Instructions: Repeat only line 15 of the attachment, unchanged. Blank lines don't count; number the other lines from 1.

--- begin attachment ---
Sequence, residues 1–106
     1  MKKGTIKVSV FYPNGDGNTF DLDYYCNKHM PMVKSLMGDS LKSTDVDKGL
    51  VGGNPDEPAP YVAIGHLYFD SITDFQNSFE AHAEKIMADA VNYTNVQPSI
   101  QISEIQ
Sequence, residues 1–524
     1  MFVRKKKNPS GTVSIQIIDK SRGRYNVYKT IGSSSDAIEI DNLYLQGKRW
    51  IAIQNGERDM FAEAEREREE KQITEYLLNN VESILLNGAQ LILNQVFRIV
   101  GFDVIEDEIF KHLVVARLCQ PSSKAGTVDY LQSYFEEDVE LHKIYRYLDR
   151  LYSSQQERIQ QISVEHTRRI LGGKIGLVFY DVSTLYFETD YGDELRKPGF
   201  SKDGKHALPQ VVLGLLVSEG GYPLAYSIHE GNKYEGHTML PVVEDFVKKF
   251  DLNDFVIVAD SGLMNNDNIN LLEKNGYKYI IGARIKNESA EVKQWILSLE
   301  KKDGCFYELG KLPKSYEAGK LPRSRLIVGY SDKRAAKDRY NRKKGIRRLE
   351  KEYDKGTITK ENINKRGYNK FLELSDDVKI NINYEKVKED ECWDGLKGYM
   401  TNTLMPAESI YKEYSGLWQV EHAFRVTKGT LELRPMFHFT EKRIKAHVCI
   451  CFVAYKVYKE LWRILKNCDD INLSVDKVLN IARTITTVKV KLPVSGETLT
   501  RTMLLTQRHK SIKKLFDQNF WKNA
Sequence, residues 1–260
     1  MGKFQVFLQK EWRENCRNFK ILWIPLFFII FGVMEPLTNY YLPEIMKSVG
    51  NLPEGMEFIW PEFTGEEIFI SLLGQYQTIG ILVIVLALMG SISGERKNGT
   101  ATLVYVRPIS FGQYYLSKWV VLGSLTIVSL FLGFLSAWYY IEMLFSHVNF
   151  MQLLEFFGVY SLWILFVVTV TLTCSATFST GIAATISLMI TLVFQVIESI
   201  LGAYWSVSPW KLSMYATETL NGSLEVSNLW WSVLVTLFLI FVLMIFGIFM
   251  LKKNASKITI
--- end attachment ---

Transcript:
   451  CFVAYKVYKE LWRILKNCDD INLSVDKVLN IARTITTVKV KLPVSGETLT